Rethinking "Strength of Incentives" for Executives of Financial Institutions
AbstractThe recent crisis has caused some finance theorists and practitioners to rethink the effects of managerial incentives on the total enterprise value of large financial institutions. This re-examination has identified and analyzed a number of potential problems with the use of equity-based compensation, including insufficiently long managerial time horizons as well as the temptation for excessive risk-taking provided by "asymmetric" payoff structures in which shareholders have virtually all the upside while debtholders bear most of the downside risk. In an attempt to address such problems, finance and governance scholars have increasingly explored the possible value of aligning managerial interests with those of not only shareholders, but other important corporate claimants such as debtholders and taxpayers. Copyright Copyright (c) 2010 Morgan Stanley.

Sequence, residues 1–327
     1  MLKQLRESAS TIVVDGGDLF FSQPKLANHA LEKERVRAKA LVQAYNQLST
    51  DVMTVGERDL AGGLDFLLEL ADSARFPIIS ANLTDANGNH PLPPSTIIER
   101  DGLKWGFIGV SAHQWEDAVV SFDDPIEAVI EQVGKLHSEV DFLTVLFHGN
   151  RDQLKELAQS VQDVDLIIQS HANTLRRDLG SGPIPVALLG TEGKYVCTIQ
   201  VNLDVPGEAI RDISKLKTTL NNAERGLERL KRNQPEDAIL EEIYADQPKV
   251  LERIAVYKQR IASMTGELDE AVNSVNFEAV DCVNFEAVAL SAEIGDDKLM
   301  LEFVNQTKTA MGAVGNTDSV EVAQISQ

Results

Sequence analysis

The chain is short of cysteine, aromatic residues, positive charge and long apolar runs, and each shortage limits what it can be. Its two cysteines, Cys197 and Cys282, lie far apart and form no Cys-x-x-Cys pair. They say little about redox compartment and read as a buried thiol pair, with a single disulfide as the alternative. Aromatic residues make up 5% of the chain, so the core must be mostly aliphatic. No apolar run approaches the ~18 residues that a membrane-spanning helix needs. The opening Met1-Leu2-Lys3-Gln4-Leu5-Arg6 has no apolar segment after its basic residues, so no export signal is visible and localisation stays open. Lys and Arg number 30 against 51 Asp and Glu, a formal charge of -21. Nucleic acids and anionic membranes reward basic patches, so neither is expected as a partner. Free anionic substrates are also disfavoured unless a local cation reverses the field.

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Bibliographic InfoArticle provided by Morgan Stanley in its journal Journal of Applied Corporate Finance.
Volume (Year): 22 (2010)
Issue (Month): 3 ()
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Web page: http://www.blackwellpublishing.com/journal.asp?ref=1078-1196
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